Meant to be comical, we shared a chuckle but deep down it made my heart beam

    As far as sewing goes I learn to see from my mother and wrote an article on Femulate about how I save the day at my wife’s friends wedding many years ago

    Paula G

    1. Rachel McNeillAugust 23, 2023

      Years ago, when I was being fussy over something around the house, my wife told me "You'd have made a good partner for some gay man!" That was before I shared my Rachel side with her and the rest of the world. Now it makes sense to her.

      Sometimes she rolls her eyes and says "there's way too much estrogen in the room, and it's not coming from me."

    2. Before my wife fully retired and ruined my Stephanie days I did all the domestic chores; meal preparation, baking, vacuuming, washing and ironing, tending the rose garden, changing the bed linen, all a la June Cleaver. I accomplished my chores in 3 1/2 inch heels, dress and all the proper undergarments. I miss those days,

  4. I now perform all the tasks of a traditional housewife.

  5. Learned to sew from my two grand mothers, one was a Cook for the Railroad and also a Seamstress, the other was the sewer for a Family of thirteen down on the farm, learned to use a treadmill foot powered Singer Sewing Machine, all her sisters had one.
    One of my best memories is when Grand was making many (dozens) of dresses for the cities local month long 100 year festival, everyone dressed in different decades finery.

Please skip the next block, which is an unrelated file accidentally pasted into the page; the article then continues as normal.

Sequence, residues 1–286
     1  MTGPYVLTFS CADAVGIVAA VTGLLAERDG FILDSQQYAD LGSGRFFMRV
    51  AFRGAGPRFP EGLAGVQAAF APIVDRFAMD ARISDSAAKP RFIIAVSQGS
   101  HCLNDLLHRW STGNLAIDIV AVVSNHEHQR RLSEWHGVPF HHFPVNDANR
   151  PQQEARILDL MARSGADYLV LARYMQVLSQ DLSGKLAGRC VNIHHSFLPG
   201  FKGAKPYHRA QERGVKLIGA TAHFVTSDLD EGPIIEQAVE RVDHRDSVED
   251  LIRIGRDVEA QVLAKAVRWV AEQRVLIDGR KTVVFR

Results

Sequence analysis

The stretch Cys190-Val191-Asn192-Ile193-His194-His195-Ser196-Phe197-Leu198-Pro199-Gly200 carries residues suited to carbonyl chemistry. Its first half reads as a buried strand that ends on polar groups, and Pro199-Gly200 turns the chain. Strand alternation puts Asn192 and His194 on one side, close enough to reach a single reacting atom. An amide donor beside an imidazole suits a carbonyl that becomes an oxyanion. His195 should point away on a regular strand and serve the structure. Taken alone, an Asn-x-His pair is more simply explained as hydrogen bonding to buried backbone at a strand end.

Six months of being the ladies model.
    Almost daily. . . .
    Loved the 1890s era the.... .best.

  6. I work in a traditionally female job. I'm an Administrative Assistant, an office clerk. Since I started this job in 2014, I cannot remember the number of times customers replied to me with "yes, Ma'am" and this was before I ever wore any piece of female type clothing to the office. It all fit together to make my Halloween choice a bit more obvious; traditionally female job and people keep calling me "ma'am" so I'll show them! I now go to work wearing a dress, skirt or women's jeans every day. I occassionally get a "sir" but the number of compliments given to me far out weighs any negative energy.
    My wife suffers from severe edema, her mobility is very limited and I usually do much of the work inside the house. Cooking, laundry, cleaning etc. My sewing skills need some attention. I would love to take a pattern and fabric to a sewing machine and create an outfit of my own.

  7. I bought a lovely dress for $4 at an estate sale. I went to a seamstress to have it altered. That cost me $20. The difference was profound. This dress looked better on me than almost anything else I had ever worn. I had a couple more garments altered. Again, they were amazingly improved. I decided that it was too expensive.

    I bought a sewing machine and I took a class on sewing at a local community college. I crossdressed to every class! That was scary, but fine. I have altered and repaired only a few of my pretty things. I have made a few things for non-crossdressing purposes, such as Halloween costumes. I wonder sometimes if my kids think that sewing is a masculine skill, because Daddy does it and Momma doesn't. :)